How Walking Barefoot Teaches Mindfulness

Written by Barry John Johnson

Walking barefoot teaches mindfulness. When we walk barefoot, we have to be consistently aware of where our next step will land. We can quickly adjust, shift weight and direct our foot to a safe landing to avoid thorns, bees, broken glass or even dog poo. Our minds cannot wander. The extra duty and care is rewarded with the feelings of living in the now and greater connection to nature. Each of our little piggies enjoys unrestricted freedom and sensations like warm sand or cool grass.

With mindfulness we remain conscious of where our next thought may be headed and commensurately we can shift our mind to where we want it to be, including a neutral position until its problem solving skills are needed. Here we are rewarded with greater connection to the universe around us and peace from intrusive thoughts and ruminations.

By extrapolation, shoes are like egos. While intended to protect, they allow us to tromp through streets of broken glass, and what have you, totally unaware of what we just walked over and generally not caring where our next step will land. They separate us from nature, constrict our little piggies, and at the end of the day, our feet are tired and don’t smell good.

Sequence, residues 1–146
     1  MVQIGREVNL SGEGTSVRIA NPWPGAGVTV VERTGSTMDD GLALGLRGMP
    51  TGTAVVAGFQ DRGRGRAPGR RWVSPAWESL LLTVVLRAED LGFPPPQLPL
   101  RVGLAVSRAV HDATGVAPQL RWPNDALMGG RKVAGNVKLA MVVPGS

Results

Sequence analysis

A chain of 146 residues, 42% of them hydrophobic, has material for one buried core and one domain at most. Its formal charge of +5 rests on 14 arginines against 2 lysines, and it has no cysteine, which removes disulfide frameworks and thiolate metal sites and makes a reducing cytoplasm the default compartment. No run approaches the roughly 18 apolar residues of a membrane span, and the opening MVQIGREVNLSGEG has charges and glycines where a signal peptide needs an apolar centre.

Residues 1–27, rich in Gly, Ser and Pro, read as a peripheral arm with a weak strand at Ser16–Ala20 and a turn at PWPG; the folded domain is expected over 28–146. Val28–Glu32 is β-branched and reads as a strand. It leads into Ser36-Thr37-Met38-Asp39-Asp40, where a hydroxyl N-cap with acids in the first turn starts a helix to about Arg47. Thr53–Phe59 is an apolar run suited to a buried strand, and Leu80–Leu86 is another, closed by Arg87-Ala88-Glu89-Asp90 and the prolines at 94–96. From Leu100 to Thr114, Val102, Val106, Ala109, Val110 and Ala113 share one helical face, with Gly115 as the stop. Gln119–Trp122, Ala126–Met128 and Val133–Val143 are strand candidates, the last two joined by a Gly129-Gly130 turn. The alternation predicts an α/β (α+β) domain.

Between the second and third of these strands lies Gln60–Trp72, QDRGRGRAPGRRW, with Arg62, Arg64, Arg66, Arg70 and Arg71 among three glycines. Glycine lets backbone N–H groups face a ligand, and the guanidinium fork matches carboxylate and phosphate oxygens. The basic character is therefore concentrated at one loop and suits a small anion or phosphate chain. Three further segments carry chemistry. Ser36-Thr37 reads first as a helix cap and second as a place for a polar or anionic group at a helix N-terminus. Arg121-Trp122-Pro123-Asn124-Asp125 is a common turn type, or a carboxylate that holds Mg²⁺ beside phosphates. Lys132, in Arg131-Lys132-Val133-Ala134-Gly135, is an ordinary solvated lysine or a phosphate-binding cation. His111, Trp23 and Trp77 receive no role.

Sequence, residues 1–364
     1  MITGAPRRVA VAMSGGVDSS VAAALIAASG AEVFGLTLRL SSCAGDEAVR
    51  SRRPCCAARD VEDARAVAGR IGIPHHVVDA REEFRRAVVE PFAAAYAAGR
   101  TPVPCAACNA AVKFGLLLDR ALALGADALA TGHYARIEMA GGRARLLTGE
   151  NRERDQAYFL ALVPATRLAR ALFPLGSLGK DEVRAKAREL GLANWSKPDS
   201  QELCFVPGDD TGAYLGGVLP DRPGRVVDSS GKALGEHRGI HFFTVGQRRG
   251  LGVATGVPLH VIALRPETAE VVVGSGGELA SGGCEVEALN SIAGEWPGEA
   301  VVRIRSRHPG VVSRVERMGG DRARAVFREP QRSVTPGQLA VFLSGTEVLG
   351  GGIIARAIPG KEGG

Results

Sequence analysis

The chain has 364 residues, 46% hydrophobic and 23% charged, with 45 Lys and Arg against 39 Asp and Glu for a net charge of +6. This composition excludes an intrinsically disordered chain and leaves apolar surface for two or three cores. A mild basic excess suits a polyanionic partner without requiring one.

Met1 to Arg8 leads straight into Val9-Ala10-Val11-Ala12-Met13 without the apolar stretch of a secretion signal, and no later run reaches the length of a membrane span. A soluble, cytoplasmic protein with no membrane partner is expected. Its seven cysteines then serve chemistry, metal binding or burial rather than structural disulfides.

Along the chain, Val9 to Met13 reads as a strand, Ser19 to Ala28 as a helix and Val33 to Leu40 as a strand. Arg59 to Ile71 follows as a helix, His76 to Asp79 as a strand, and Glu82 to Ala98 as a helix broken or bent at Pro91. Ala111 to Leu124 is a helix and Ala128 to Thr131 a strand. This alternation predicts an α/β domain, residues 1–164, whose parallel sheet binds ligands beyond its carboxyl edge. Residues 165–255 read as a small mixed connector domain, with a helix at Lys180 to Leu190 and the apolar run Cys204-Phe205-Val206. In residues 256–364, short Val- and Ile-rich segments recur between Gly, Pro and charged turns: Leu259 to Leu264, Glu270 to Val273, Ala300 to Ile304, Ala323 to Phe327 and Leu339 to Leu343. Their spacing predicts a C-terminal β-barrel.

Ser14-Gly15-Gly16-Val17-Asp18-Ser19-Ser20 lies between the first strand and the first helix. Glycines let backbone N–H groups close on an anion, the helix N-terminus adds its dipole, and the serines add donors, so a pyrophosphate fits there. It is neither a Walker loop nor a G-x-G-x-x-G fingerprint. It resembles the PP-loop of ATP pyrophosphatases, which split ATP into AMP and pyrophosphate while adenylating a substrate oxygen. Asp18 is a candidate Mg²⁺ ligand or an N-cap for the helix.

Our egos in turn protect us from the metaphorical thorns, barbs and broken glass that may come our way as we navigate often too-busy lifestyles. But in turn this double-edged sword, cuts us off from connection to the now and lets thoughts run amok worrying about what others thought of us or will think of us. By evening, we are tense, worried, disconnected and wonder where the day went.

The moral of the story: TAKE OFF YOUR SHOES

It’s not until we take off our shoes and shed our egos that we become mindful, feeling truly connected and free.

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